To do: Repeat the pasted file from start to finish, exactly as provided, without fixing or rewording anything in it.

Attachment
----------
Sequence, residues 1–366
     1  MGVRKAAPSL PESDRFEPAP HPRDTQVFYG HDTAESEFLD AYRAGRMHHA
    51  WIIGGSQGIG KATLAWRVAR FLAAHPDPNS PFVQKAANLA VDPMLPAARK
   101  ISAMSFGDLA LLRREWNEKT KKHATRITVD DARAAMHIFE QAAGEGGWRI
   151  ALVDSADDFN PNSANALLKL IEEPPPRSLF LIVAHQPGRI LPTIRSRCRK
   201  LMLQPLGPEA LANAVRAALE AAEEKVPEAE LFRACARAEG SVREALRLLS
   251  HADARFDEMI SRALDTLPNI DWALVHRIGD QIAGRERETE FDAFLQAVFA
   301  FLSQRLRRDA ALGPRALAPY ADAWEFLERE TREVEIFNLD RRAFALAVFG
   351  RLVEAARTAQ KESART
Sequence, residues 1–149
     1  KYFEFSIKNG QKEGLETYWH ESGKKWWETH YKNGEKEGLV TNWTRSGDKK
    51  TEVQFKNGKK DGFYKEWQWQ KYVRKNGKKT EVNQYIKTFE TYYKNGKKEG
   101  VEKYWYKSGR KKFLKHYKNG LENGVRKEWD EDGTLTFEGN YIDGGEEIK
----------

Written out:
Sequence, residues 1–366
     1  MGVRKAAPSL PESDRFEPAP HPRDTQVFYG HDTAESEFLD AYRAGRMHHA
    51  WIIGGSQGIG KATLAWRVAR FLAAHPDPNS PFVQKAANLA VDPMLPAARK
   101  ISAMSFGDLA LLRREWNEKT KKHATRITVD DARAAMHIFE QAAGEGGWRI
   151  ALVDSADDFN PNSANALLKL IEEPPPRSLF LIVAHQPGRI LPTIRSRCRK
   201  LMLQPLGPEA LANAVRAALE AAEEKVPEAE LFRACARAEG SVREALRLLS
   251  HADARFDEMI SRALDTLPNI DWALVHRIGD QIAGRERETE FDAFLQAVFA
   301  FLSQRLRRDA ALGPRALAPY ADAWEFLERE TREVEIFNLD RRAFALAVFG
   351  RLVEAARTAQ KESART
Sequence, residues 1–149
     1  KYFEFSIKNG QKEGLETYWH ESGKKWWETH YKNGEKEGLV TNWTRSGDKK
    51  TEVQFKNGKK DGFYKEWQWQ KYVRKNGKKT EVNQYIKTFE TYYKNGKKEG
   101  VEKYWYKSGR KKFLKHYKNG LENGVRKEWD EDGTLTFEGN YIDGGEEIK